Campus Chaos: 1,000 Students Arrested in Anti-Israel Protests

California Highway Patrol officers keep watch at a pro-Palestinian encampment
California Highway Patrol officers keep watch at a pro-Palestinian encampment after it was attacked by counter-protestors at UCLA on May 1, 2024. | Image by Mario Tama/Getty Images

Over 1,000 students have been arrested across college campuses nationwide amid the surge of anti-Israel protests.

The University of California, Los Angeles (UCLA), was forced to cancel classes Wednesday and announced that some campus buildings would remain closed until May 6. The university ordered students to avoid Royce Quad, the site of the most recent violent protests.

On April 30, UCLA students created an encampment on campus grounds in protest of the ongoing Hamas-Israel conflict in Gaza. The university published a statement calling the tent gathering “unlawful” and violating university policy.

Non-UCLA affiliates engaged in on-campus protesting were told to leave immediately. Students in the encampment were warned that they may face suspension or expulsion if they did not leave the area.

Just before midnight on April 30, pro-Israel counter-protesters arrived on campus, leading to violence between the two groups, per BBC.

Mary Osako, a UCLA vice-chancellor, called the scene at the encampment “horrific acts of violence,” per BBC.

“We are sickened by this senseless violence and it must end,” she added.

Police attempted to separate the groups with barriers; however, agitators pushed through the deterrents.

Pro-Israel protesters were seen throwing fireworks towards the anti-Israel encampment as they huddled together in front of Royce Hall.

At around 1:30 a.m., protesters from both sides, armed with make-shift weapons, began throwing items at each other.

“Armed men now fighting and launching items at each other from either side of the encampment,” reported Anthony Cabassa on X from the scene. “Total chaos, there’s ZERO police presence here.”

Cabassa reported that law enforcement still had yet to show up by 2:10 a.m., as dozens of protesters from both sides required medical attention.

The Los Angeles Police Department allegedly intervened around 3 a.m. and separated the protesters.

“What I witnessed tonight is like nothing I have ever seen in my life,” posted Cabassa on X. “Complete lawlessness, anarchy, bod[ies] dragged away after scuffles, blood, mace after mace after mace spray, fires, explosives, the list goes on.”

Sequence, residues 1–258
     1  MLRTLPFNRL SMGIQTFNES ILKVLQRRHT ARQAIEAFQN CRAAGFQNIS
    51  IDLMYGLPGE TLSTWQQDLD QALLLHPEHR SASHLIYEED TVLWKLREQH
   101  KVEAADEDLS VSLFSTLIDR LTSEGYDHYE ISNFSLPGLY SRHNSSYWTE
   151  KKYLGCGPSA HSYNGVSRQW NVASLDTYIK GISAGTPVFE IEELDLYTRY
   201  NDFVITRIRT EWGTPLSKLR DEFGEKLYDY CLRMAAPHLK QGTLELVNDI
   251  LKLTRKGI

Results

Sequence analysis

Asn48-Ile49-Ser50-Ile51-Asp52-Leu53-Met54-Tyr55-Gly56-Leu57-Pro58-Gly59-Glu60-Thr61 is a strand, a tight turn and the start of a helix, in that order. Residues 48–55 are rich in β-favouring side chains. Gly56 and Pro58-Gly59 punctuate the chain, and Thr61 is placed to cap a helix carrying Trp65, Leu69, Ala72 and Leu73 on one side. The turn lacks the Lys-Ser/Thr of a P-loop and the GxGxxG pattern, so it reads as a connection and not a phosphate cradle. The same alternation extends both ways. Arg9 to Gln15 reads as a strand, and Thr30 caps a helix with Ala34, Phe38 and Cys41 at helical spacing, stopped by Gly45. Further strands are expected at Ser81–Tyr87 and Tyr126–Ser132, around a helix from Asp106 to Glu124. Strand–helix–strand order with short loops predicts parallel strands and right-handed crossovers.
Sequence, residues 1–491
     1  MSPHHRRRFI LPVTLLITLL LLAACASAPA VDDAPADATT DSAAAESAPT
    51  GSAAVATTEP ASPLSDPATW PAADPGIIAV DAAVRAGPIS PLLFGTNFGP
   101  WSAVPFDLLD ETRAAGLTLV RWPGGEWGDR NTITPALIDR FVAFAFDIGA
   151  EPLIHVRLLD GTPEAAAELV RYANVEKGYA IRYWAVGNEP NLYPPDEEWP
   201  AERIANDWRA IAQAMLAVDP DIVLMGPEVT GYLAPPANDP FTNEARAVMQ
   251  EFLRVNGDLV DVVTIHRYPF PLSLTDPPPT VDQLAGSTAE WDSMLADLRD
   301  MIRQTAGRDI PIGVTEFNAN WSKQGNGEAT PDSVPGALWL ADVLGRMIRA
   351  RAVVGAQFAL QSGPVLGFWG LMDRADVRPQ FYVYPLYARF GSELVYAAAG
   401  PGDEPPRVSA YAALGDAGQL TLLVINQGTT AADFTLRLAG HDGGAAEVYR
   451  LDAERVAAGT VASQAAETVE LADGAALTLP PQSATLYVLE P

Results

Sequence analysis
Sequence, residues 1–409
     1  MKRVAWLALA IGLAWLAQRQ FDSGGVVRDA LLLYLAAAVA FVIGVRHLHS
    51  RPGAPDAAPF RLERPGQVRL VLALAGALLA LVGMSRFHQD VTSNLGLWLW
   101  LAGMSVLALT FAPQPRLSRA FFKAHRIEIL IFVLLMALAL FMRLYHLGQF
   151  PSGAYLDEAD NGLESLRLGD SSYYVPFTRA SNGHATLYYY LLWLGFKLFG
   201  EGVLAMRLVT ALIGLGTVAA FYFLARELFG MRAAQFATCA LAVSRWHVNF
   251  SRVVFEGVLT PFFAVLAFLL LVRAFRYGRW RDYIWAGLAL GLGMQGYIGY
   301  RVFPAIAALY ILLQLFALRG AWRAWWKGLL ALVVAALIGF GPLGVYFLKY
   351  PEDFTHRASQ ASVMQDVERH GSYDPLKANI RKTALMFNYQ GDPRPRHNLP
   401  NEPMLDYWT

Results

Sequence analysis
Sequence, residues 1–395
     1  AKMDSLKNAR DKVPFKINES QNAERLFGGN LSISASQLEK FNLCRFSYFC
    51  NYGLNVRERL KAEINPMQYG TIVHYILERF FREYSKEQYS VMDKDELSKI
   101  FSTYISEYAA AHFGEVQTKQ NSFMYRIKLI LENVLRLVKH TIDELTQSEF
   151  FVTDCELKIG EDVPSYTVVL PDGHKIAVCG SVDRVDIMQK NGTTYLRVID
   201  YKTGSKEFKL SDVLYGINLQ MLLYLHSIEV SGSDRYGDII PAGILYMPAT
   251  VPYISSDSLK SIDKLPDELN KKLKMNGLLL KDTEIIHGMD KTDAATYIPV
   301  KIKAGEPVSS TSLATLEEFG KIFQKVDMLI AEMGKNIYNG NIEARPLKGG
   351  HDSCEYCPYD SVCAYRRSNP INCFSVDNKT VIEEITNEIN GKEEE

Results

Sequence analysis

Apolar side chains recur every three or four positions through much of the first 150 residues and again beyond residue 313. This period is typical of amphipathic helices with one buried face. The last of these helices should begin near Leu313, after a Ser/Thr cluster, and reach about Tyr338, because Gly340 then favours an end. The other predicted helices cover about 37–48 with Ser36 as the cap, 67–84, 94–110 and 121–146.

In Texas, hundreds of students at the University of North Texas participated in a campus-wide walkout on April 30.

UNT’s Palestine Solidarity Committee organized the walkout. The committee’s student leaders demanded that the university disclose any investments linked to Israel and, if so, divest, per Fox 4 KDFW.

The walkout reportedly did not involve violence or arrests.

Momentum from anti-Israel agitators at the University of Texas in Austin was not halted by the April 29 protest that led to the arrest of 79 on campus.

A statement by UT News reported that 45 of the 79 arrested had no affiliation with UT Austin.

Anti-Israel agitators have been clear in their demands that UT Austin President Jay Hartzell step down from his position, as previously reported by The Dallas Express.

Over 500 faculty members have signed a letter of no confidence in Hartzell’s ability to manage the school. Hartzell has not responded to the demands.

On the evening of April 30, around twenty anti-Israel agitators gathered outside Hartzell’s home, according to a post by The Daily Texan.

Protesters outside Hartzell’s home can be heard chanting, “Hartzell, Hartzell, you’re a clown,” and “We demand that you step down.”

UT Austin was scheduled to hold another protest on May 1, which garnered so much attention that CapMetro closed its bus stops near the South Mall, where previous demonstrations on campus have been held.

The protest has been postponed and is expected to occur on May 5.

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